- 1 month just doing practice tests
The GMAT and GRE are constantly revised, so you might find that older versions are not as reflective of the current test. Remember, the point of the practice is not just for you to learn the material, but to also learn about the test (and how to pace yourself, how to approach it, etc.).
Some people find prep courses helpful. If you find the class time useful (or find that it forces you to practice), this can also be a viable approach. I went to a cram school after scouting several schools, and it was really helpful.
Editor’s Note: I recommend a similar approach for the GMAT. Make sure to get the Official Guide and work through the problems, focusing on the sections that you find toughest. Online forums for the GMAT/GRE can also provide helpful advice and support.
This is a tough one. How do you shine through a pile of resumes/CVs? First, the basic ground rules:
- Make everything fit within 1 page
- Fonts should be legible: Arial and Times New Roman are standard. Font size should be 10-12 pts
- Margins should be no less than 0.5 inches, and things you did should be in written in the past tense.
- Resumes shouldn’t look extremely crowded
Content-wise, remember that a resume shouldn’t simply list your job description; it should contain accomplishments. e.g.: Re-engineered manufacturing processes, doubling production speed and innovating product features.
It’s best to begin with an action verb describing what you did and then the achievements that resulted. Example of action verbs: executed, initiated, coordinated, succeeded.
Choose the accomplishments that are MOST RELEVANT to SCM. Remember, you should tailor your resume to whatever you’re applying for. Finally, if you have friends or career advisors, it’s a great idea to ask them for advice.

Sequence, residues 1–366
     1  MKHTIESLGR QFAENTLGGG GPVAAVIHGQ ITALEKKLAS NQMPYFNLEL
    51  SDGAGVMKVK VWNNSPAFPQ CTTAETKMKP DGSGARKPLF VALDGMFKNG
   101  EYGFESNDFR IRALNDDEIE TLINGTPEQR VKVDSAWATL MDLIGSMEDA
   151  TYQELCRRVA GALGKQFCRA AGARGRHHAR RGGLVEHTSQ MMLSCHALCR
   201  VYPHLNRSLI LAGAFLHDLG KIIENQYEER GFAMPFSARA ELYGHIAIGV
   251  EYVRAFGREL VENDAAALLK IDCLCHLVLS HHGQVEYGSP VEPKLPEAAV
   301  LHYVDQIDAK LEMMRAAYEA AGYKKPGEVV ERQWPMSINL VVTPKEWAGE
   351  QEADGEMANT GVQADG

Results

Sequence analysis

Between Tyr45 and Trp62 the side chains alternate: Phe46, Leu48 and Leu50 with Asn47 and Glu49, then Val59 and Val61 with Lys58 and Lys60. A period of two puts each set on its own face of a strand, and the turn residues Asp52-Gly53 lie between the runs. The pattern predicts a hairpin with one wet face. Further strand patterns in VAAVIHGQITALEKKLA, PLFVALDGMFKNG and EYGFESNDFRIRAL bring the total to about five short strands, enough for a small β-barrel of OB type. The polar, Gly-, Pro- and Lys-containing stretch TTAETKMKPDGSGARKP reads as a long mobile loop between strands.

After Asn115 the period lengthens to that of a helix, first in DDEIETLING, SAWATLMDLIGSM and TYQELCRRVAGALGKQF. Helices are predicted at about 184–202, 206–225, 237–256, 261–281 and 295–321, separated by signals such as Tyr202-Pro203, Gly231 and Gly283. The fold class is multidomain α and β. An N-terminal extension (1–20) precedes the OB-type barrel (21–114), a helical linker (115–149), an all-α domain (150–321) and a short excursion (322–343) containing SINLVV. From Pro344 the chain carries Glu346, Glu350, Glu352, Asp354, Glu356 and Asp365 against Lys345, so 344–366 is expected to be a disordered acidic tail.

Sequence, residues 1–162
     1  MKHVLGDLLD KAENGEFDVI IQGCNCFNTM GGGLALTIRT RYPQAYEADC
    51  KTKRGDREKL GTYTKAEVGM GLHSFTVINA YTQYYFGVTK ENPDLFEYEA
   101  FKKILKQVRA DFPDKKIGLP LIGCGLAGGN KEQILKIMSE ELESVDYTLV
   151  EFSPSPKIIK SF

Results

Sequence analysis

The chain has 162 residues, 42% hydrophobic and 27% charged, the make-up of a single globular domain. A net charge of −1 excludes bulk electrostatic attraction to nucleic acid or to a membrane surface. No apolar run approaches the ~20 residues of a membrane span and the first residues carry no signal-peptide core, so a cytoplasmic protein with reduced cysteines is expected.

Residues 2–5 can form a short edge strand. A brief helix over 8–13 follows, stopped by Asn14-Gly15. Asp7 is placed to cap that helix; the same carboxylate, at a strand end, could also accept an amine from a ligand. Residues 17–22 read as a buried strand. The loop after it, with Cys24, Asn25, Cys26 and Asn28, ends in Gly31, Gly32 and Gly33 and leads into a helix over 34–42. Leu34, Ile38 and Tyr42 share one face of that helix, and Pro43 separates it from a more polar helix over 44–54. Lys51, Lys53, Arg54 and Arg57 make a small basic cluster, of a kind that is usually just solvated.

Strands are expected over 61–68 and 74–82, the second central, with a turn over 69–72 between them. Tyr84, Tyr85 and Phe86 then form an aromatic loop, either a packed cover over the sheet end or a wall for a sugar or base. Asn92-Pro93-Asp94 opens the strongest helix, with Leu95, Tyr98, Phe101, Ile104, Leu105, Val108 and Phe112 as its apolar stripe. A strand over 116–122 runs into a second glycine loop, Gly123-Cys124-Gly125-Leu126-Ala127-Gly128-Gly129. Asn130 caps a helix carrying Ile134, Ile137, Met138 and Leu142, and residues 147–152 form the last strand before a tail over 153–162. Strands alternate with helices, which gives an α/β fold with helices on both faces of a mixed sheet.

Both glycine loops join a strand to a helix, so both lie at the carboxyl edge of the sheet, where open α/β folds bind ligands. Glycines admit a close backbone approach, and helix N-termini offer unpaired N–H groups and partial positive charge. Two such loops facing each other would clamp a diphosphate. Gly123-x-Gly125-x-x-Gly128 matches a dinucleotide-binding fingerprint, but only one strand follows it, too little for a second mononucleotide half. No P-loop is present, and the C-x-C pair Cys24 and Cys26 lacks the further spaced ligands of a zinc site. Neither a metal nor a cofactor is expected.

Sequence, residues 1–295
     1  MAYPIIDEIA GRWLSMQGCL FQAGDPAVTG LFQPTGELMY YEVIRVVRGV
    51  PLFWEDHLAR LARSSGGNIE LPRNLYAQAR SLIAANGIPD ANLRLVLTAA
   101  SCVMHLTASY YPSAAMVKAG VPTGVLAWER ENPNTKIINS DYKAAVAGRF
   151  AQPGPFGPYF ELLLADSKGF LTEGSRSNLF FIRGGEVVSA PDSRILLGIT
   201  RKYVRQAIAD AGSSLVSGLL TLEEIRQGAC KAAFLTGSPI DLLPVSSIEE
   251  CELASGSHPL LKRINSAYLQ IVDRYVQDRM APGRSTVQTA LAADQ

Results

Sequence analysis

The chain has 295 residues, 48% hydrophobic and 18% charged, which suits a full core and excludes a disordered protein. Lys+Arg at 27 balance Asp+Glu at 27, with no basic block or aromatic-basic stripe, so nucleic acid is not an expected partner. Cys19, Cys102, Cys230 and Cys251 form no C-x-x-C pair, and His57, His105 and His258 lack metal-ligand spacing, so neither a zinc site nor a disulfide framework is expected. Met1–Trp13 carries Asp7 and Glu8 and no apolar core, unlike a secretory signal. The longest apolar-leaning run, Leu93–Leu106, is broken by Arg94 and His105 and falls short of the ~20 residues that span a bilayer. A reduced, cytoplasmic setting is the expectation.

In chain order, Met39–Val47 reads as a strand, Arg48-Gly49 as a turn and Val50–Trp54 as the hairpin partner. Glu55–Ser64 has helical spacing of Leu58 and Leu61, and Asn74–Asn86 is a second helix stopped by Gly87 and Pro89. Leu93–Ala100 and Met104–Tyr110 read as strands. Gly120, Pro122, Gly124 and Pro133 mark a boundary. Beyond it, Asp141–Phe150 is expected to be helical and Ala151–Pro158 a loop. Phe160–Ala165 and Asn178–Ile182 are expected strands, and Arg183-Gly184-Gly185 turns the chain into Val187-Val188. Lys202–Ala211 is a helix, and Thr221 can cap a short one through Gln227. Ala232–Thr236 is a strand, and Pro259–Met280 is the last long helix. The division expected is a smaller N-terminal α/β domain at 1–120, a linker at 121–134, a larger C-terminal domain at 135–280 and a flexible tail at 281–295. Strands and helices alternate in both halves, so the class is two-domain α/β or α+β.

Statement of Objectives
Start by clarifying your goals and knowing what you want to get out of this program. Only with a clear purpose will you convince your reader that you will be a good fit for the program. Then, focus on expressing your passion for and curiosity towards supply chain management.
Some questions you may try to answer include:
- What prompted you to apply?
- Which aspect of supply chain do you know about and which aspect do you wish to learn more about? How does that tie into choosing MIT’s program vs other supply chain programs?
- What do you plan to or want to use the things you learn at MIT for?
- Describe a career goal or a plan you have after graduation. After all, this is a business-oriented program.
- Have you taken SCM courses before? (e.g., CTL.SC1x)
Make sure your statement is specific to this program. Readers can tell if your statements are too general or only minimally tailored from a common statement.
- Invest in a high-quality camera and microphone
- Dress as if for an interview.
- Record in a quiet, well-lit environment
- Prepare a script and go for it.
- Do a few trial runs — remember, you have time
Tip: You may find a few video statements from past classes on YouTube if you are resourceful enough.